empirically the relationship between religiosity and delinquent behavior among youth in a
Muslim community in Turkey.
Beginning with the classical theorists, sociological approaches to this inverse relation have
emphasized various functions of religion, such as social control and deterrent effects (Durkheim,
1951; Weber & Marx, 1958). Several criminological studies have found that religiosity has a
significant negative impact on deviant behaviors, particularly ascetic behaviors such as substance
abuse (Bends & Corwyn, 1997; Brownfield & Sorenson, 1991; Cochran & Akers, 1989; Johnson
et al., 1997). Considering and overcoming the methodological limitations in early studies, the
majority of more recent studies have found the expected inverse relationship between religiosity
and delinquency (Abu-Rayya et al., 2016; Johnson et al., 2000, 2001; Unlu & Sahin, 2015).
Furthermore, recent meta-analyses also indicate that a negative relationship exists between religi-
osity and involvement in delinquent behavior (Baier & Wright, 2001; Kelly et al., 2015). Focusing
on the study variables and the relationships among them, the current study aimed to investigate the
possible effect of religious factors on delinquency rather than an exercise in theoretical comparison,
which is consistent with the risk factors approach to criminological theorizing (Bernard & Snipes,
1996). Bernard and Snipes (1996) suggest that the focus of attention should be the variables
themselves and the relations among them, not the contradiction between theories.
The findings of previous studies have suggested that religiosity is a protective factor with regard
to potential delinquent behaviors. However, some researchers have focused on a single aspect of
religiosity, such as belief or religious self-practice (Klein et al., 2006; Sekulic et al., 2009). Sekulic
et al. (2009) conceptualized religiosity as a single-dimension construct (religious practice–church
attendance) and found religiousness to be a significant protective factor in cigarette smoking, sport
nutritional supplementation, and the likelihood of doping. Conceptualizing religiosity as a multi-
dimensional construct, this study examined the influence o f religiosity on delinquent beh avior
The major significance of the present study is that it examined the relationship between religi-
osity and delinquency in a sample of Muslim youth. To date, little has been reported in the scientific
literature on this topic in a specifically Muslim context (Abu-Rayya et al., 2016; O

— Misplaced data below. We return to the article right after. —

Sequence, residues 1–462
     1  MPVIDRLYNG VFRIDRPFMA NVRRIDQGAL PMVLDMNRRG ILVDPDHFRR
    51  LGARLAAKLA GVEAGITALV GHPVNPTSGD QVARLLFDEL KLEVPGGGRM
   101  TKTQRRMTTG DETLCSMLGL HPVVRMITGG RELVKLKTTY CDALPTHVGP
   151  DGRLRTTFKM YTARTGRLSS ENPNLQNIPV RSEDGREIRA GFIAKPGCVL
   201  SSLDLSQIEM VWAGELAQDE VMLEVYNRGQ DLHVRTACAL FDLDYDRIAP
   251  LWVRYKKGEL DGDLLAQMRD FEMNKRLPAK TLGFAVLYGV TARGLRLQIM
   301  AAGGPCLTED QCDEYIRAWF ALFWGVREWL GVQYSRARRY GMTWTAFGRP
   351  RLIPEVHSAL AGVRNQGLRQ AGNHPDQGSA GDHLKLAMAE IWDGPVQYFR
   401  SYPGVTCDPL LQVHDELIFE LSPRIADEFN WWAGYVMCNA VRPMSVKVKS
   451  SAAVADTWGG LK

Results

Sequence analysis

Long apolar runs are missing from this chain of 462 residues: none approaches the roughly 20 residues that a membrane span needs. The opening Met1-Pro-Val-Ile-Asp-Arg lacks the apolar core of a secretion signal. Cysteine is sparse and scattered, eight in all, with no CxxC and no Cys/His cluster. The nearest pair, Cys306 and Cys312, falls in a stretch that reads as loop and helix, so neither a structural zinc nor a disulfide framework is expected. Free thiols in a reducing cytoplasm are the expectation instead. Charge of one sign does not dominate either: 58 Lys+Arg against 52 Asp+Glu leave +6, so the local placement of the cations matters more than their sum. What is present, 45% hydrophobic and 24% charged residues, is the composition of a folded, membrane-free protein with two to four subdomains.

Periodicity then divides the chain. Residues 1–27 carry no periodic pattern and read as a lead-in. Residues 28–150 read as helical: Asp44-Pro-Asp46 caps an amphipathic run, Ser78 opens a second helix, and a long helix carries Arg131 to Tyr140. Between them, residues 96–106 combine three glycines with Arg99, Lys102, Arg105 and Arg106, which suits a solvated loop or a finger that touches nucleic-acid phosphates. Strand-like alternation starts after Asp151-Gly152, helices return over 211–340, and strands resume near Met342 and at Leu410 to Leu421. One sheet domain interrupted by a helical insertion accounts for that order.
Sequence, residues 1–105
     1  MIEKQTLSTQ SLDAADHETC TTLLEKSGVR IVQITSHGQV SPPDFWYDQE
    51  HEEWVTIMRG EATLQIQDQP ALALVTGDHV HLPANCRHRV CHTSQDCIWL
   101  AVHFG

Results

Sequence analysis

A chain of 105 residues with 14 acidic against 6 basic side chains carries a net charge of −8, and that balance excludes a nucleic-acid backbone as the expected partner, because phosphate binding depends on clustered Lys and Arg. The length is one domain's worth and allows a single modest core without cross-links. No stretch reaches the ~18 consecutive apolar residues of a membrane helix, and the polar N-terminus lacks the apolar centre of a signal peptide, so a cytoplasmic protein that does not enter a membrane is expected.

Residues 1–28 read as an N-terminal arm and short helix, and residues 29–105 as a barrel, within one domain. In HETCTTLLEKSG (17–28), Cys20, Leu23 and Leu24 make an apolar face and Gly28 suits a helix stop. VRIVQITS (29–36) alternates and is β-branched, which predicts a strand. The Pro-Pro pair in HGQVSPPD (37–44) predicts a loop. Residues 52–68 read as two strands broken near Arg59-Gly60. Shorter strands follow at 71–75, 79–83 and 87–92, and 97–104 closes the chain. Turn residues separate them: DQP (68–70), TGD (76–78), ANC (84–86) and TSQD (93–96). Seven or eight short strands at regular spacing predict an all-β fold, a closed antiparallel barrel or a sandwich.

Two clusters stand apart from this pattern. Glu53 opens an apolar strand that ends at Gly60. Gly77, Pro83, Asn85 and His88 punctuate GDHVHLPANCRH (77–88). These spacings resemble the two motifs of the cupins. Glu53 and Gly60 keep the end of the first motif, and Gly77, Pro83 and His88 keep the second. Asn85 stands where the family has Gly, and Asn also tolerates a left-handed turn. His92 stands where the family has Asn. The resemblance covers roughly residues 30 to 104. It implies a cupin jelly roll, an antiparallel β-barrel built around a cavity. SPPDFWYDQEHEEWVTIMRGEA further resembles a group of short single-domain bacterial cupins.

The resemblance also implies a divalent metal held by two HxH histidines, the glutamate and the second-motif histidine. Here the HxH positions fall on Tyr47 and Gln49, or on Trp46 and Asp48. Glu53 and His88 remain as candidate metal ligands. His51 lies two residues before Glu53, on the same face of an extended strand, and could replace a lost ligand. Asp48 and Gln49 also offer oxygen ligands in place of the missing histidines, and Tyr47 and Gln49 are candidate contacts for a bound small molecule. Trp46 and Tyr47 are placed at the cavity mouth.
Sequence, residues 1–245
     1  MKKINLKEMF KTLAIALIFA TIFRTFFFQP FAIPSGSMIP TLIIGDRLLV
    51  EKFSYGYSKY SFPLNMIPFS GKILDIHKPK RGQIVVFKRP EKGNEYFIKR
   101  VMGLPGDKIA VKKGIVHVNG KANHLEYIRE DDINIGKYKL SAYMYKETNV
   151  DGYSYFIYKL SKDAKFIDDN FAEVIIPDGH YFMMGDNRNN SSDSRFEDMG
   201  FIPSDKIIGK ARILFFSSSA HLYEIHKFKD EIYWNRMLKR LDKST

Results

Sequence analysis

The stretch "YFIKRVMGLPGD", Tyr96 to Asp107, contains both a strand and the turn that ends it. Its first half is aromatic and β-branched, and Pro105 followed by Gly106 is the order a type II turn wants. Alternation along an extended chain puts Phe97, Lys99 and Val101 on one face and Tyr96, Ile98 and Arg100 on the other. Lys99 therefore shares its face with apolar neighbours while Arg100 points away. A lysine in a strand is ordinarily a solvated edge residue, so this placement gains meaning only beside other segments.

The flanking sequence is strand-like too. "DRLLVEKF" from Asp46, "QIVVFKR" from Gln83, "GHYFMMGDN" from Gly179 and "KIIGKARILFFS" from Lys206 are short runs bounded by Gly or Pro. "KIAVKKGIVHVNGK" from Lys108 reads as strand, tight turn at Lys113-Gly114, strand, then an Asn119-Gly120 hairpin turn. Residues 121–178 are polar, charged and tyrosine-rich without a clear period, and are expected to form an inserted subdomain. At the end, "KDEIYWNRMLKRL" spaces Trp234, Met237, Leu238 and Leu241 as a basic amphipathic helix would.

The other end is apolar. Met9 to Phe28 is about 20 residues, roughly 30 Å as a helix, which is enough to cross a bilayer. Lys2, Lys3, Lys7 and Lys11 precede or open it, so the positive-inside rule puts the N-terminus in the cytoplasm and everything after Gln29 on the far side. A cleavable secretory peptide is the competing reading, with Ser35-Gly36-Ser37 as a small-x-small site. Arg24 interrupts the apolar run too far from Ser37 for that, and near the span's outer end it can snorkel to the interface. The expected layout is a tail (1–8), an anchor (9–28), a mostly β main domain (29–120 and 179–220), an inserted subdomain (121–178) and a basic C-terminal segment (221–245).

Roberts et al., 2011). It should be noted that the great majority of individuals in the sample popula-
tions of previous studies were Christian, which may limit the generaliza bility of these studies’
findings. A recent empirical study on the association between religiosity and youth deviance found
that higher levels of Islamic religiosity were associated with low er levels of deviant behaviors
among Australian Muslim youth (Abu-Rayya et al., 2016). However, the study was conducte d
within the context of a narrow Muslim community rather than a Muslim country. The present study
addresses this empirical gap.
Another significance of the study is that it analyzed the relationship between religiosity and
delinquency based on a large-scale dataset (n¼31,272). In addition, employing the exogenous
variable of religiosity as a multidimensional construct, the pre sent study sought to identify the
relative importance of various dimensions of religiosity with regard to delinquency among youth.
Mainly, examining the dimension of religious social involvement that has been rarely examined
within the context of delinquency in previous studies is another possible significant contribution of
the study in the field.
Religion—an organized set of beliefs, practices, and rituals engaging the transcendent—proposes a
doctrine about the afterlife and provides rules that guide behavior during the present life to prepare
for the future (Koenig & Shohaib, 2014). Almost all religious traditions encourage law-abiding
behaviors, teach respect for government authorities, and discourage violating social norms.
362 Criminal Justice Review 46(3)